Over the past several months, we have voiced concern on this blog about the state of Indiana and the limits the state’s politicians placed on medical malpractice judgments. First passed in 1975, Indiana currently limits any legal settlement or verdict resulting from a healthcare provider’s errors to $1.25 million dollars. This cap is in place regardless of the severity of an injury or disability, regardless of outstanding medical bills and regardless of the cost future care. If a parent is killed due to a simple diagnostic error and leaves behind a family who relied on his or her income, the family cannot receive more than $1.25 million. If a baby suffers a brain injury during birth because a hospital failed to properly monitor the baby’s vital signs, that child is limited to receiving $1.25 million to cover future care that is often costs ten times that amount.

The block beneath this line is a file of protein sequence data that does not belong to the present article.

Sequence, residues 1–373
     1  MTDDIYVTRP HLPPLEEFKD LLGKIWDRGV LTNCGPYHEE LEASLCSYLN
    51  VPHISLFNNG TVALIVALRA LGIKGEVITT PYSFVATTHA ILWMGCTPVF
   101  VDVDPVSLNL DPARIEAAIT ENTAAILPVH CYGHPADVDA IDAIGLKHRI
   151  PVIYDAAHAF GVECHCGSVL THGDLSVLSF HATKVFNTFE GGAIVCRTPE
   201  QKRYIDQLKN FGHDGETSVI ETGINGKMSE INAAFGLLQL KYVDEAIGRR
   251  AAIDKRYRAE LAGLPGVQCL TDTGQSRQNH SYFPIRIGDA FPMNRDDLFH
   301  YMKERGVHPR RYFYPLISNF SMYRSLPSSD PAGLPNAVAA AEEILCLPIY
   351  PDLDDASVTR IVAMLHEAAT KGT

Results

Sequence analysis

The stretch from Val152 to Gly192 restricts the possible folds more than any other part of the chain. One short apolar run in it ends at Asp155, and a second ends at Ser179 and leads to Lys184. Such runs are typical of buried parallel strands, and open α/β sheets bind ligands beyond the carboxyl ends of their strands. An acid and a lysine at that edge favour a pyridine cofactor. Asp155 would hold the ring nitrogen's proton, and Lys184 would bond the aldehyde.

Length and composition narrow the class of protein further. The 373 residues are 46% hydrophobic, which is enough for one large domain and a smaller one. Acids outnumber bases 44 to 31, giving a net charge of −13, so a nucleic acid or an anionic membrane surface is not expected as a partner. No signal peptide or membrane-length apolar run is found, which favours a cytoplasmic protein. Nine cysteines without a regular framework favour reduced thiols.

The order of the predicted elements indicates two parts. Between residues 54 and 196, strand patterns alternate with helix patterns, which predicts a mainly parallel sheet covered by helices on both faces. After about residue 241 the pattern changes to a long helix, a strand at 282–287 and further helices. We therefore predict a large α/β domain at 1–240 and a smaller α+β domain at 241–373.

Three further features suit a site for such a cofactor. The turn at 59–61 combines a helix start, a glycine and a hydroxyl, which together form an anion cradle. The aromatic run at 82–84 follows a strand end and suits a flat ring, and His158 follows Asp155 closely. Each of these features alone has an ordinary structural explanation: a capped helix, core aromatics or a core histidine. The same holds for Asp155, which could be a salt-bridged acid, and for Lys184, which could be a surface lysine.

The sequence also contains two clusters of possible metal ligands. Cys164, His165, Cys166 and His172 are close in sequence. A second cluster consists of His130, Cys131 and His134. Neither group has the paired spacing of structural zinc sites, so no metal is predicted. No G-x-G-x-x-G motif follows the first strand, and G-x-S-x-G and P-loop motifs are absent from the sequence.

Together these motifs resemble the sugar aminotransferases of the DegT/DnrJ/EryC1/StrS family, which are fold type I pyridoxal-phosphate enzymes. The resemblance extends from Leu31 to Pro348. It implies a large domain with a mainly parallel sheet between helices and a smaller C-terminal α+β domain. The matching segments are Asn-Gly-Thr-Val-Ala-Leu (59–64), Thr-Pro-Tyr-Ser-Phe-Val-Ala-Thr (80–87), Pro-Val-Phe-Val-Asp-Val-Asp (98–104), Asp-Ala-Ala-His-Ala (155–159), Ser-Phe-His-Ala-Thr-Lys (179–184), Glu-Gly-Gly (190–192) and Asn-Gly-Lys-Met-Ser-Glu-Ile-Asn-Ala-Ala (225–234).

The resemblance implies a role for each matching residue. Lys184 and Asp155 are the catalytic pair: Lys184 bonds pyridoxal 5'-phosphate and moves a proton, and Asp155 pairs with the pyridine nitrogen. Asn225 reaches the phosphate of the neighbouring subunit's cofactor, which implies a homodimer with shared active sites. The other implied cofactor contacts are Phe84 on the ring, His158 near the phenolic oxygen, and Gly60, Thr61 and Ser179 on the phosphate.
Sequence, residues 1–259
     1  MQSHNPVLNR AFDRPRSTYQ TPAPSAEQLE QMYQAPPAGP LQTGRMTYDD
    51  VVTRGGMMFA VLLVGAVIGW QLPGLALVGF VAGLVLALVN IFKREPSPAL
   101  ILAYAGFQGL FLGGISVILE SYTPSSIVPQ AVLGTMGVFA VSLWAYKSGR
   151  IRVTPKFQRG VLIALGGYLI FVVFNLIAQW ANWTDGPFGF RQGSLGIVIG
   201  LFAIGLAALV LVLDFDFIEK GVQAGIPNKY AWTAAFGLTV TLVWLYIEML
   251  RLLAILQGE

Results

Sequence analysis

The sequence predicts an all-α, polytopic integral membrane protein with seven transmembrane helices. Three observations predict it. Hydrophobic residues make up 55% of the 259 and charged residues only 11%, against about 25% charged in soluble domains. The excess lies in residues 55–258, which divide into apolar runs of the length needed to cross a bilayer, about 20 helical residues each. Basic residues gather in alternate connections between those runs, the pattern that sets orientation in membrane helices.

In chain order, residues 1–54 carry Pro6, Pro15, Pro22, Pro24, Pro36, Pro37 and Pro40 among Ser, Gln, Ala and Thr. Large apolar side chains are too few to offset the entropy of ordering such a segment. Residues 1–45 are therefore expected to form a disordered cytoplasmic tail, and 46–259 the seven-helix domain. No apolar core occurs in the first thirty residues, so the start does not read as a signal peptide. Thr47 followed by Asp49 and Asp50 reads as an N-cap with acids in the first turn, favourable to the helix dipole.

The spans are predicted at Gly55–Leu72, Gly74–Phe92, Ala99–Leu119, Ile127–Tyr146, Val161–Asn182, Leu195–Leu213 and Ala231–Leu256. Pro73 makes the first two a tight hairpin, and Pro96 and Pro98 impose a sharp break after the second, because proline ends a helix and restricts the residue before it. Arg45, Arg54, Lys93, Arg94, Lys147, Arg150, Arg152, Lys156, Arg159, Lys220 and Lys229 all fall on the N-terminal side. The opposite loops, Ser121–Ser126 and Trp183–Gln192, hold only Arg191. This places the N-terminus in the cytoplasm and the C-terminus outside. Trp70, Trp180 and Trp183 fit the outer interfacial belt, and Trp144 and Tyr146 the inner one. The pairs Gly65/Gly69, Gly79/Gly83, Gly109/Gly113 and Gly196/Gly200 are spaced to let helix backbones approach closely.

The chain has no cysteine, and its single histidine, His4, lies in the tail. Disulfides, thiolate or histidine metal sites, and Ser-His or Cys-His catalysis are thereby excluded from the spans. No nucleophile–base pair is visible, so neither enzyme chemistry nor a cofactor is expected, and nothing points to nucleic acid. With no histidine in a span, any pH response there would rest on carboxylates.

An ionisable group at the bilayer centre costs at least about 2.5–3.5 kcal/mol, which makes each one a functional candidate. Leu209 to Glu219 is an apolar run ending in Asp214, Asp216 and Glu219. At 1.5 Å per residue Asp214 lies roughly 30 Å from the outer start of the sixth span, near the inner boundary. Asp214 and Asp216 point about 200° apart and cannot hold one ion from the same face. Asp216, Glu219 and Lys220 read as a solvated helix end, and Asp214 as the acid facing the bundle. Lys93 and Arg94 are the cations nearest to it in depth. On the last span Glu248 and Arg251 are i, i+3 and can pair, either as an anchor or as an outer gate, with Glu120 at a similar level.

For these very reasons, Indiana’s medical malpractice caps have been very controversial. Families, whose lives are forever changed through no fault of their own, find themselves facing financial hardship or even in poverty because of mounting medical bills or an inability to work. Recently, we wrote about one family’s attempt to challenge the constitutionality of Indiana’s caps. Facing mounting criticism from constituents as well as court rulings in several other states (including Illinois) that found low caps unconstitutional because they are unfair to plaintiffs, Indiana’s lawmakers recently took action. As the Indianapolis Star Tribune reports, the Indiana State Senate voted unanimously to raise Indiana’s medical malpractice limits. The proposal is now before Governor Mike Pence who must decide whether to sign the bill into law. If signed, this will represent the first increase in caps on Indiana medical malpractice claims in nearly 20 years. Continue reading